E-066 Follow Up and Complication Review of Symptomatic Intracranial Angioplasty and Stenting in a Non-Academic Setting

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Intracranial stenosis and treatment remains controversial based on mixed reports of complication rates and varying results of medical treatment. We reviewed our series of intracranial angioplasty and stenting done only on symptomatic patients refractory to medical management to the SAMMPRIS trial and as a basis for quality improvement.

Materials and Methods

A retrospective review of 42 sequential patients ranging from 29 to 86 years old (average 61) with symptomatic intracranial stenosis refractory to medical therapy and treated by angioplasty and stenting from December 2006 to March 2011 at our institution was undertaken. Four cases were not included in the analysis because of technical failure of stent placement.


Average presenting stenosis was 74.5% and residual 15.8% after angioplasty and stenting. The patients were followed for up to 3 years.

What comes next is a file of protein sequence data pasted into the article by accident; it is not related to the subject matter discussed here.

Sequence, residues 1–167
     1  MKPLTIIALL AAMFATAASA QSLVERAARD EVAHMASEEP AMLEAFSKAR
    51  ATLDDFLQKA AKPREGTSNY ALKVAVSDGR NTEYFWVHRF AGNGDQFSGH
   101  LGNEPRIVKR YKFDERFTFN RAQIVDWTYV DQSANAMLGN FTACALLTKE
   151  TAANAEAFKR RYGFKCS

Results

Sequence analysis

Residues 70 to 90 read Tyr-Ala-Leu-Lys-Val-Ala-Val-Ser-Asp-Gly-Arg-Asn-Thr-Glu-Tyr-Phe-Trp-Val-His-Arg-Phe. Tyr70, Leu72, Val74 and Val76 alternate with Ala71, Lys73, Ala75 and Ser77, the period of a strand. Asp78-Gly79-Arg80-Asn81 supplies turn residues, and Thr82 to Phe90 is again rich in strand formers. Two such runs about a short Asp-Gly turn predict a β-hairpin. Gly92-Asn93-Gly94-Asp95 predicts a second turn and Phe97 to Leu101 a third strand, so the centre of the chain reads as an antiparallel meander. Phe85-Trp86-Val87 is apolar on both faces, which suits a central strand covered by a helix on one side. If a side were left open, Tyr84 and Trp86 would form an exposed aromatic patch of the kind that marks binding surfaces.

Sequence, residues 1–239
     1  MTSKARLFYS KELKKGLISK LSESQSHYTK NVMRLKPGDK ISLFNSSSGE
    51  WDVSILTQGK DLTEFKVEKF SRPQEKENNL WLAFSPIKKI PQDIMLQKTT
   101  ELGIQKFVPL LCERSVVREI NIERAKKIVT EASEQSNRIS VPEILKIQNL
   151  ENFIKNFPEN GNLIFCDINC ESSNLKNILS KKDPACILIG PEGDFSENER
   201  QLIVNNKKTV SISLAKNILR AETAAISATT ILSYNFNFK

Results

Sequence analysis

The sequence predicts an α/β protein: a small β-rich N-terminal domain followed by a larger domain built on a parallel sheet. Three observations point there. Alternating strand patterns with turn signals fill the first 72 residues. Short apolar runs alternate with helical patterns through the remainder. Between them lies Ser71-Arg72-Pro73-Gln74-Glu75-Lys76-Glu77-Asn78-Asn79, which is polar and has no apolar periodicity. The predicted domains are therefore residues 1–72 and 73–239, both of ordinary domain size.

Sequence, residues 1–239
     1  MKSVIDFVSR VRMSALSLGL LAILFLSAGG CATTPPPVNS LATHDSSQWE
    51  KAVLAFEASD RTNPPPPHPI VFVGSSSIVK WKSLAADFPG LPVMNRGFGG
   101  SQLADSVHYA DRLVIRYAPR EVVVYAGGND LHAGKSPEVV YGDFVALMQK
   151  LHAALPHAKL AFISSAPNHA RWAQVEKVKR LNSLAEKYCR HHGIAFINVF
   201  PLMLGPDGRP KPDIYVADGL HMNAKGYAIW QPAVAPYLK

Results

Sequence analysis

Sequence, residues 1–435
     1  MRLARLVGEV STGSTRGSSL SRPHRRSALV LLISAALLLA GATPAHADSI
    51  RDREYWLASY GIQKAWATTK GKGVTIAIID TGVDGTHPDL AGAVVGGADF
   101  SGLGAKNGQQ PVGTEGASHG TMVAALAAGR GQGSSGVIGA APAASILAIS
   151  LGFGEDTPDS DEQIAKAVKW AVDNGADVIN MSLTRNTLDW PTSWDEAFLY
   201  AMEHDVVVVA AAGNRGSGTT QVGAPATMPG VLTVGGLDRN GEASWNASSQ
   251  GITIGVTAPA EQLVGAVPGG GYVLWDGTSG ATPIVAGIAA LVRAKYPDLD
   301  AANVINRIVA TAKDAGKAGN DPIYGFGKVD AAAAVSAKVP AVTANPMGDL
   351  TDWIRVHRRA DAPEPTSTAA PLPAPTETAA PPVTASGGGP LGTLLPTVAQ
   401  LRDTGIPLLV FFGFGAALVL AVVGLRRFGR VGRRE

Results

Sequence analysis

Of the patients who received angioplasty and stenting 8.8% (4 patients) died within 30 days, three from complications of the procedure (6.8%) and one six days later from supraventricular tachycardia and cardiac arrest associated with a pre-procedure myocardial infarction.


Three additional patients had strokes associated with their procedures for a total complication rate of (13.3%) and five cases have shown asymptomatic restenosis (11%) in the past 3 years.


Compared to the SAMMPRIS trial the overall complication rate is similar (13.3%) versus (14%) with a higher death rate (6.8%) versus (2.2%)


Analysis of our deaths found that two of the deceased patients had hypertensive spikes during extubation and subsequently deteriorated after initially being neurologically intact. One of these patients developed a basal ganglia haemorrhagic transformation (HI2) and went on to have a large ischaemic MCA infarct, the other a subarachnoid haemorrhage consistent with vessel rupture.


We found that successful angioplasty and stenting can be performed in a nonacademic setting with similar complication rates to other reports. Choosing symptomatic patients that have failed aggressive medical management may account for our outcomes.


The two of the deaths in our series may be associated with complications from our anaesthesia care. We have since changed our protocol to have ongoing IV Bp and pain management during extubations.


M. Parker: None. J. Yin: None. N. Rutledge: None. K. Conrad: None. B. Horowitz: None. J. Luci: None.

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